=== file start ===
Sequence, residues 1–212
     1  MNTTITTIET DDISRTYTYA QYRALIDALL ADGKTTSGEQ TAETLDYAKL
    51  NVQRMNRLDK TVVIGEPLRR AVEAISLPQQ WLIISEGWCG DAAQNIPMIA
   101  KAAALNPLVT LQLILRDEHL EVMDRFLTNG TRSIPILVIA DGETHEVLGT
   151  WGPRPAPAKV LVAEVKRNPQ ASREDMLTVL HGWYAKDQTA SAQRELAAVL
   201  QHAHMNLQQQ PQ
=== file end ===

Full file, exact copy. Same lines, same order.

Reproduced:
Sequence, residues 1–212
     1  MNTTITTIET DDISRTYTYA QYRALIDALL ADGKTTSGEQ TAETLDYAKL
    51  NVQRMNRLDK TVVIGEPLRR AVEAISLPQQ WLIISEGWCG DAAQNIPMIA
   101  KAAALNPLVT LQLILRDEHL EVMDRFLTNG TRSIPILVIA DGETHEVLGT
   151  WGPRPAPAKV LVAEVKRNPQ ASREDMLTVL HGWYAKDQTA SAQRELAAVL
   201  QHAHMNLQQQ PQ